- Outpatient Rehabilitation at the Vanderbilt Rehabilitation Center
- Outpatient Rehabilitation Treatment Methods
Conditions We Treat
- Amputee Recovery
- Cognitive and Neuromuscular Disorders
- Hand Injuries
- Hearing Disorders
- Cancer-Related Side Effects
- Orthopedic Outpatient Rehabilitation
- Rhode Island Hospital Burn Program
- Speech, Language and Swallowing Disorders
- Specialty Programs
- Contact Us for Outpatient Rehabilitation Services
- Outpatient Rehabilitation Frequently Asked Questions
- Pelvic Rehabilitation Patient Form
Occupational Therapy Treatment in Rhode Island
What Is Occupational Therapy?
Occupational therapy consists of treatment that helps people with injuries, illnesses, or disabilities adapt to recover or maintain their everyday activities. Rather than a job or career, “occupational” in this instance means your day-to-day activities and how you move throughout your life.
Occupational therapists (OTs) provide a broad range of services, including:
- Teaching adaptations for daily activities like showering, dressing, and preparing meals.
- Correcting dysfunction of the hand, arm, and shoulder.
- Fitting splints or orthotics for appropriate positioning, healing, and functional use of a limb.
OTs work with patients across the age spectrum in a variety of settings, including acute care, inpatient rehab, outpatient clinics, and skilled nursing facilities.
Who Needs Occupational Therapy?
Occupational therapy is designed to help people who are having trouble with things like:
- Performing their job or schoolwork
- Caring for themselves
- Completing household chores
- Moving around in their daily lives
- Taking part in the activities they enjoy
People with a wide range of conditions can benefit from occupational therapy. OTs work with patients with neurological or cognitive dysfunction, including stroke patients or people diagnosed with Parkinson’s disease. They work with patients who have had a limb amputated, helping them adapt to new ways of carrying out tasks of everyday life, such as eating using a non-dominant hand, negotiating stairs, and reaching into cupboards for dishes.
OTs can also assess an employee’s capacity to return to work after an injury on the job.
Outpatient Rehabilitation Locations
Lifespan has numerous locations across Rhode Island that provide rehabilitation services near where you live and work. Some offer Saturday appointments.
How to Prepare for Your Occupational Therapy?
Before your initial appointment with an occupational therapist, think about which activities and movements you’d like to improve upon.
Consider asking your occupational therapist questions like:
- Do you have specialized training for my condition?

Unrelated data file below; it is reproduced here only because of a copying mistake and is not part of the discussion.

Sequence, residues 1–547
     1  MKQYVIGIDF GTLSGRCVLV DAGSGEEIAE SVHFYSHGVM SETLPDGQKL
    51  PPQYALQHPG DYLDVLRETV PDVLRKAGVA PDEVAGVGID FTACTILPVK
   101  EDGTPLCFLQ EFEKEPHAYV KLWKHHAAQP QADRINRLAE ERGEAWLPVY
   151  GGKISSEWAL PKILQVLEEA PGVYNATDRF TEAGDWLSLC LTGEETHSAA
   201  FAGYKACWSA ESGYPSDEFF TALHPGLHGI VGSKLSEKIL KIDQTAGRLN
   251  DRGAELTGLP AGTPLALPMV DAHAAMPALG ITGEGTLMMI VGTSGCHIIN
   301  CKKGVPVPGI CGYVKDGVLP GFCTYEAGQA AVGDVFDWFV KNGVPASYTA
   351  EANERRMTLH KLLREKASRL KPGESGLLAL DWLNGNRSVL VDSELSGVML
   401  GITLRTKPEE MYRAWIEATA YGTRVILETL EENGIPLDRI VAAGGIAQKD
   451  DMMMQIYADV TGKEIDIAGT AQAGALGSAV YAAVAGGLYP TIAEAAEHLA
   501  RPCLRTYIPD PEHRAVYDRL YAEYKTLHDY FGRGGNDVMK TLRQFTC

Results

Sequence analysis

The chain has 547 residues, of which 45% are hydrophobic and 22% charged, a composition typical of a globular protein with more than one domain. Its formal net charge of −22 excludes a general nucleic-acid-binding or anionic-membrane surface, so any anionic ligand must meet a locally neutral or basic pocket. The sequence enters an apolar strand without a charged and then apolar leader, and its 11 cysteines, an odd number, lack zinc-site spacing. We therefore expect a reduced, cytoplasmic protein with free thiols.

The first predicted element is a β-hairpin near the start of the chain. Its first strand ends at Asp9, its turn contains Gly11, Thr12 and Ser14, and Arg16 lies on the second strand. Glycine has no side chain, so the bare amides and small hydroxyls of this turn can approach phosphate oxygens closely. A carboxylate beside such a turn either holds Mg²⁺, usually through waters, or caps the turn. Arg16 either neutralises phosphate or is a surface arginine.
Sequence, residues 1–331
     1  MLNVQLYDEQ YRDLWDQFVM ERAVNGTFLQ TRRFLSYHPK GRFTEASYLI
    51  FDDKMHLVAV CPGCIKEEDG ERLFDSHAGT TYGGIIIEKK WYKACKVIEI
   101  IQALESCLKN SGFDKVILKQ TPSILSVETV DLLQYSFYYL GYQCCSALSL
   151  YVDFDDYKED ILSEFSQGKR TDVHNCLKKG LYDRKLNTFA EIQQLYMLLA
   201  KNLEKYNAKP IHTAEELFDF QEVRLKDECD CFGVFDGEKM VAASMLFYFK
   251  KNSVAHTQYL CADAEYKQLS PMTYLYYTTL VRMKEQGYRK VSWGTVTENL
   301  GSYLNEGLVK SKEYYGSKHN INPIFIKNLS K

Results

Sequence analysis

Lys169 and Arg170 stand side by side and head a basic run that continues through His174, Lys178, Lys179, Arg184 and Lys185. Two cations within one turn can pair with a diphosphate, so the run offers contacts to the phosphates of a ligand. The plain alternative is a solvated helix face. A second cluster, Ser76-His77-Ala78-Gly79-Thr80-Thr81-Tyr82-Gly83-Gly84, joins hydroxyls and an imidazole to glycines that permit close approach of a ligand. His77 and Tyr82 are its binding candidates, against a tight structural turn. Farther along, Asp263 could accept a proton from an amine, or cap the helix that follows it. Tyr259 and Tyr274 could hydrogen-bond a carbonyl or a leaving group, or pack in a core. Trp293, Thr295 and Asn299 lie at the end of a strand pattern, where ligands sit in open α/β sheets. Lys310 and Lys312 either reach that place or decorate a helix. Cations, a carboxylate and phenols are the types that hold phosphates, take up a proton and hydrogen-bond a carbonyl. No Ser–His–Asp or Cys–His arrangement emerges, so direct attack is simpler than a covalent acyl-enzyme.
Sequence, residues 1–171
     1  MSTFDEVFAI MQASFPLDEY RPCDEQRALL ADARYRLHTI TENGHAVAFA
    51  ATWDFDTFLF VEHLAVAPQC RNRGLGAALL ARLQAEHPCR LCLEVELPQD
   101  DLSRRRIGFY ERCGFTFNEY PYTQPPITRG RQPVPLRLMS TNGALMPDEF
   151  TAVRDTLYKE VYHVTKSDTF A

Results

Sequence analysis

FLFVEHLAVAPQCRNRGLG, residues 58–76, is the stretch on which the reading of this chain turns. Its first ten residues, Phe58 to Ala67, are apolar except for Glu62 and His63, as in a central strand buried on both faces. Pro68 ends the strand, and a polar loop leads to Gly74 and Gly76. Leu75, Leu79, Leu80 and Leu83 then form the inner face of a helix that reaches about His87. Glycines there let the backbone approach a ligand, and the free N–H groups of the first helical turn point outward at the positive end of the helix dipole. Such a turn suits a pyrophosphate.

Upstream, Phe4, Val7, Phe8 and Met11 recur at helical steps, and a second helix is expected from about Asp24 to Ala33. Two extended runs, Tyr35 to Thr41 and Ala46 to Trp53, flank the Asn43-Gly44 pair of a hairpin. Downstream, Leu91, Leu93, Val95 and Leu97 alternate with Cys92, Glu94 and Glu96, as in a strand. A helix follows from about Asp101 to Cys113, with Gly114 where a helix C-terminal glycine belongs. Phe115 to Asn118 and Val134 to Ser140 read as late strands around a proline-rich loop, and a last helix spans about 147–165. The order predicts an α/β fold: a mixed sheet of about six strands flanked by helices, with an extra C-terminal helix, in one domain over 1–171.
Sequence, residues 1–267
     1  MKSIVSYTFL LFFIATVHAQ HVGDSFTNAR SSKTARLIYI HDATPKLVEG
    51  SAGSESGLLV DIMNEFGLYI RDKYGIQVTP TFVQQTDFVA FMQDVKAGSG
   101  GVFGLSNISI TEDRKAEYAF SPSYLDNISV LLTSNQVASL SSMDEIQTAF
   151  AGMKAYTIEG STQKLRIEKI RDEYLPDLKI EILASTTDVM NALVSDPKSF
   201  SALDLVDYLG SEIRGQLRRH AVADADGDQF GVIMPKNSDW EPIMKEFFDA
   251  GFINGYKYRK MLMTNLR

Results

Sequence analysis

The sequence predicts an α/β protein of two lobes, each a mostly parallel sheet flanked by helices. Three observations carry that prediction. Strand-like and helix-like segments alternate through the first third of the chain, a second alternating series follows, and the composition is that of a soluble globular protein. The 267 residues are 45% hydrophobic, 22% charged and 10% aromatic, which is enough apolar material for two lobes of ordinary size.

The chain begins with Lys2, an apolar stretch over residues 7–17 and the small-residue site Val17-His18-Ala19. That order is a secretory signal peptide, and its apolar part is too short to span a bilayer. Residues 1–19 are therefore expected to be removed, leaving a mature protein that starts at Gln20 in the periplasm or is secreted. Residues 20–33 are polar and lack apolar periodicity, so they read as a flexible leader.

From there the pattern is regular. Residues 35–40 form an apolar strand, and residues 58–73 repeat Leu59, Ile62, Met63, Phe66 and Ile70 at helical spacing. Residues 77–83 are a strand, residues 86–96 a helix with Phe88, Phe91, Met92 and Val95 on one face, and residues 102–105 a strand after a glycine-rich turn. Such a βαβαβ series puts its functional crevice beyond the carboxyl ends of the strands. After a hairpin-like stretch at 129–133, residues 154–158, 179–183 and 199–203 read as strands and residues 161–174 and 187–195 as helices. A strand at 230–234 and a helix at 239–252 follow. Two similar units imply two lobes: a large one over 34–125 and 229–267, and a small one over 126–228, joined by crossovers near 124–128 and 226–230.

- How will occupational therapy help improve my functioning?
- How long do you estimate the treatment will take?
- Have you achieved positive results for people with my condition in the past?
Writing down your questions ahead of time will help you make sure you get the information you need. You should also be prepared to share your medical history, including your medical records.
What to Expect During Your Occupational Therapy?
During the first appointment, your occupational therapist will talk with you about your goals and will likely perform a series of tests and exercises to assess your strengths and weaknesses. From there, they will design a treatment plan that will help improve your daily movement and functioning.
Depending on your specific situation, your occupational therapist may recommend interventions like:
- Range-of-motion exercises – Often helpful for people suffering from arthritis or other kinds of joint pain.
- Fine motor activates – Fine motor skills are the delicate motions of the hands, wrists, and fingers that enable precise movement. These activities can improve tasks like eating, writing, and getting dressed.
- Sensory re-education – Techniques that are designed to retrain your sensory pathways or stimulate unused ones.
- Pain management – Therapeutic approaches to overcome or mitigate pain and its effects on daily living.
How Does Occupational Therapy Differ from Physical Therapy?
Many people are not familiar with the distinction between physical therapy (PT) and occupational therapy. OT aims to improve a patient’s ability to perform activities of daily living, whether they are recovering from injuries or have developmental or cognitive challenges. OTs work with their patients to promote productivity and independence.
The goal of PT is to improve a patient’s ability to move their body with optimum ease and functionality, through exercises, massage, using ultrasound or electrical stimulation, and other techniques.
Occupational Therapy Services Near Me
Lifespan has numerous locations throughout Rhode Island that provide convenient rehabilitation services near where you live and work. Some offer Saturday appointments.